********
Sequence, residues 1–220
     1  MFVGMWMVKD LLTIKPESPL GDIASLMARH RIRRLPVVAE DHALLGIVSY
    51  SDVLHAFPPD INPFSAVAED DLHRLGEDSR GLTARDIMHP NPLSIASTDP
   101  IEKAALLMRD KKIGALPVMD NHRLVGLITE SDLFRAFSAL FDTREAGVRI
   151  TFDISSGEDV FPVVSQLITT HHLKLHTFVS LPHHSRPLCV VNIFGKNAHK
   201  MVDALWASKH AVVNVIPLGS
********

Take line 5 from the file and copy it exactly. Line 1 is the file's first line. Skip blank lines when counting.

   151  TFDISSGEDV FPVVSQLITT HHLKLHTFVS LPHHSRPLCV VNIFGKNAHK